Dr Richard Milne
- Translational research in biomedicine. Drawing on perspectives from STS and geographical work on science and technology, my work follows the circuitous movement of research from ‘bench to bedside’, focussing on the development of new pharmaceutical technologies, currently in the neurosciences.
- Sociological perspectives on the production, identification and understanding of risk. My current work focusses on issues associated with establishing and communicating risks of developing Alzheimer’s disease and the creation of new ‘pre-disease’ categories and ‘patients in waiting’. Previous work has explored public, scientific and regulatory understandings of the risks associated with the development of new biotechnologies, and scientific and public approaches to food risk.
- The implications of ‘big data’, with a particular interest in changes in knowledge production, data gathering and the social structures of research and research participation associated with the recombination and reuse of existing studies and the development of new platforms for recruitment.
My PhD research, completed in 2009, was conducted at University College London. Focussing on the case of biopharming – the production of pharmaceuticals in genetically modified crops – it explored the geographies of scientific futures, bringing together work in the ‘sociology of expectations’ with the geographies of food and technoscience. It examined the problematic relationship between biopharming and standardised conventional biopharmaceutical production, and the discursive, material and spatial strategies through which researchers repositioned the technology. My thesis is available to read and download here.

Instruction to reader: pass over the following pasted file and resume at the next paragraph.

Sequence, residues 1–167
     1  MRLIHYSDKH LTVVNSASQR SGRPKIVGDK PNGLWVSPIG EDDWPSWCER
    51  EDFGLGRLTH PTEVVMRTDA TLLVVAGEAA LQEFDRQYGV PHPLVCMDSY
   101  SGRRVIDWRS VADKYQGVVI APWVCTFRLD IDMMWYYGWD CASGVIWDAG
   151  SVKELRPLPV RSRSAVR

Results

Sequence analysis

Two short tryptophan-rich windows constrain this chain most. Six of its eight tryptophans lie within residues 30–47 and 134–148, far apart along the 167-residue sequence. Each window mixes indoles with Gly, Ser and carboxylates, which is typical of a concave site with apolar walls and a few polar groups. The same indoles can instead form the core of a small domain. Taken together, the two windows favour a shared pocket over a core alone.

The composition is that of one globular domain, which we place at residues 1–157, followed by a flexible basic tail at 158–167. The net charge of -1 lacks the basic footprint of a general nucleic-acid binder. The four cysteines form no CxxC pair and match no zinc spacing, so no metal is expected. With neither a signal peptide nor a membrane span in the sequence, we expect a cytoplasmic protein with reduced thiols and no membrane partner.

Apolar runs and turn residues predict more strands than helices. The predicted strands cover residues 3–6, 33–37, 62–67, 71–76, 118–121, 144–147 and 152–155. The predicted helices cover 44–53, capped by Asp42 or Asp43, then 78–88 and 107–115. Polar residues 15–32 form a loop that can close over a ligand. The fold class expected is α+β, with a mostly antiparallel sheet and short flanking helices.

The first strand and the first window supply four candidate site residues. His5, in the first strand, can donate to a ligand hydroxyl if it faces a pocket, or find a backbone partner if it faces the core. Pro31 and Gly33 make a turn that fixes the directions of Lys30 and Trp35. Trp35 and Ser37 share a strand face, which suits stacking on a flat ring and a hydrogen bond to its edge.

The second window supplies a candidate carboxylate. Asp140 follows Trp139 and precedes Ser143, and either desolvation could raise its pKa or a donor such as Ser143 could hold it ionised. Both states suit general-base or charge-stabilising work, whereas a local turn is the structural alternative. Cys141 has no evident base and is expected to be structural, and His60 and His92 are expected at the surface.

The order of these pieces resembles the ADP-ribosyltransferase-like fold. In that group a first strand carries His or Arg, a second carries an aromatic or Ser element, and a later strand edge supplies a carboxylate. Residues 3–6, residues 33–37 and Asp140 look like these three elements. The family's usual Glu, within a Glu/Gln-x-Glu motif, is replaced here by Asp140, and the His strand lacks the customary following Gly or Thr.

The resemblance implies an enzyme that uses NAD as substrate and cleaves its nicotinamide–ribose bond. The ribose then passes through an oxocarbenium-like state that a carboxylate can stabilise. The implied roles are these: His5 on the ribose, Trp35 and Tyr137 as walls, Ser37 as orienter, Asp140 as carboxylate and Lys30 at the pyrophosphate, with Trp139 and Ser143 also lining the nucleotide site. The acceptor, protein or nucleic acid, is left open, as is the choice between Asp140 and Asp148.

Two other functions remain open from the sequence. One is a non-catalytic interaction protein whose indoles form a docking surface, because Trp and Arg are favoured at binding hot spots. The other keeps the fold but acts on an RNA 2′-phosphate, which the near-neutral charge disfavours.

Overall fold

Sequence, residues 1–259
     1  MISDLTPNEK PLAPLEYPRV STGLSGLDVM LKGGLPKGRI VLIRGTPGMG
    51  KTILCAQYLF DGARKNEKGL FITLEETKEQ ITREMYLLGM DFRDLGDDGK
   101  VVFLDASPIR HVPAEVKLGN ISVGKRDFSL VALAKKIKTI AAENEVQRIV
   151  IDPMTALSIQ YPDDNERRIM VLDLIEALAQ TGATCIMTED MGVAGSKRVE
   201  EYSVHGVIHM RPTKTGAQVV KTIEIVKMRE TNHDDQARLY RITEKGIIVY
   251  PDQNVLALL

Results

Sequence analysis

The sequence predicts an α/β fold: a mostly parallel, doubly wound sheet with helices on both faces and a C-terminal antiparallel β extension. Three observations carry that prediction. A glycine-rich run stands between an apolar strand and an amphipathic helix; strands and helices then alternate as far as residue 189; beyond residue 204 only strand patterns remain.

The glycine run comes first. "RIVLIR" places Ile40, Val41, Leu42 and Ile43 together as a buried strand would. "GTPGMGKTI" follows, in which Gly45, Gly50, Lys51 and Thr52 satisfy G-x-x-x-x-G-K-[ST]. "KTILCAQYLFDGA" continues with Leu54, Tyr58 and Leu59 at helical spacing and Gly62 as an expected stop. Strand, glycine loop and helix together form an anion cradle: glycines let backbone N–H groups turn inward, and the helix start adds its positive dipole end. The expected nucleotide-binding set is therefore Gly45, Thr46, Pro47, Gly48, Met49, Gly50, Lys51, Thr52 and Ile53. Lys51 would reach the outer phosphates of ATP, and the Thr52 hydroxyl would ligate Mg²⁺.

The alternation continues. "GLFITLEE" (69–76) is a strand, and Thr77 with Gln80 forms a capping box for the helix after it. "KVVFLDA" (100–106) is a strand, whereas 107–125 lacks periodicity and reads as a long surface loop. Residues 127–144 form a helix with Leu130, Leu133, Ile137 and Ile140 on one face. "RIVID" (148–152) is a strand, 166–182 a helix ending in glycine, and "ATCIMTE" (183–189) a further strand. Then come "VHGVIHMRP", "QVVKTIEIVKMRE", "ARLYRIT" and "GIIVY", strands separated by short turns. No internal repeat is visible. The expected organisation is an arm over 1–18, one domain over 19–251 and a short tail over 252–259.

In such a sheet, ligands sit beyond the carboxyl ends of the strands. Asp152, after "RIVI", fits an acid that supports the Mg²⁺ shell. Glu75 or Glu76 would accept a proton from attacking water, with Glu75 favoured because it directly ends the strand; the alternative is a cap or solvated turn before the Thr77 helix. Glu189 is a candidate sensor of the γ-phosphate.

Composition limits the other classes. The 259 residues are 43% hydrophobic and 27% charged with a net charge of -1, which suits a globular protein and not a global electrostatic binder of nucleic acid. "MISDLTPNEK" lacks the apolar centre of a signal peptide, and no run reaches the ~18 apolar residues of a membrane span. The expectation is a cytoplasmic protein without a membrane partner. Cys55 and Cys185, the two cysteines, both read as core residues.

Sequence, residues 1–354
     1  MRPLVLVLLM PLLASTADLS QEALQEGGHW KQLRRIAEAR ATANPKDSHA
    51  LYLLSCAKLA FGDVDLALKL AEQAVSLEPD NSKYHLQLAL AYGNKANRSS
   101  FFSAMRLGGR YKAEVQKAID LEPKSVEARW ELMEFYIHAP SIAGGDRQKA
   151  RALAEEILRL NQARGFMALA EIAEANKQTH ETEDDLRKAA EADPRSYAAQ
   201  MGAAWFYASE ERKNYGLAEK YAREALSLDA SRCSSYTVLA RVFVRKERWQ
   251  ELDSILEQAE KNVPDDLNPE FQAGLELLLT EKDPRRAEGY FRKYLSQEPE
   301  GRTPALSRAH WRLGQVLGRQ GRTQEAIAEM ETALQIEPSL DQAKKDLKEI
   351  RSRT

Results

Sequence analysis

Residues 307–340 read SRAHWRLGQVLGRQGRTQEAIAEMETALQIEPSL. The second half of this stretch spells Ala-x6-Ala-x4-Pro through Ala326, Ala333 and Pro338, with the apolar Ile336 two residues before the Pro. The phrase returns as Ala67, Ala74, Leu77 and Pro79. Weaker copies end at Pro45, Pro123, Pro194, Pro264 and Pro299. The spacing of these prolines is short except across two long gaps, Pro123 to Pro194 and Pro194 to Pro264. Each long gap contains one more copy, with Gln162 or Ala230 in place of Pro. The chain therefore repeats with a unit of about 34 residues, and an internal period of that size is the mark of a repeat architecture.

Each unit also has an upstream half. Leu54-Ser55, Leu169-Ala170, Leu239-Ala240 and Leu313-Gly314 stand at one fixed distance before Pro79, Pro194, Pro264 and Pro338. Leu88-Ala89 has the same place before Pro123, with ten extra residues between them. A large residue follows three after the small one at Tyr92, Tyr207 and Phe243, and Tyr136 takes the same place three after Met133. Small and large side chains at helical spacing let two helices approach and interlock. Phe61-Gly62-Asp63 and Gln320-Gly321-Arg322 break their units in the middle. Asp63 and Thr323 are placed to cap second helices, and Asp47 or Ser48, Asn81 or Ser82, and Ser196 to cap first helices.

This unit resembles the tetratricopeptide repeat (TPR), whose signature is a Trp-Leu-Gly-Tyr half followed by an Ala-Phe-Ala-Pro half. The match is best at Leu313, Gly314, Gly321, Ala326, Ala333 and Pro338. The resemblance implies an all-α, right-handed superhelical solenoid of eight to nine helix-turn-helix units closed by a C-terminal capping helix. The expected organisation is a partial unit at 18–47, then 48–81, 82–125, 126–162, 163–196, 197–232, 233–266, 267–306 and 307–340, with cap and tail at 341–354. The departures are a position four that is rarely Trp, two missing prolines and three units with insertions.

From 2010 to 2012 I was a Research Associate on the ERC-funded CONANX project in the Department of Geography at the University of Sheffield. This research had two specific areas of focus, united through an analysis of the UK’s date labelling system and its emergence since the 1970s. Through focus group work with older people in Sheffield, I explored the role of safety information in older people’s use of food, with a particular emphasis on their place in routine practice, and the significance of disruptions to these routines. I also conducted research on the capture and reproduction of taste in taste testing, prompted by an interest in ‘best-before’ labels as standardised predictions of food quality. Much of this research has been published and can be accessed through the ‘Publications’ page.
I can be contacted at rjm231 [at] cam.ac.uk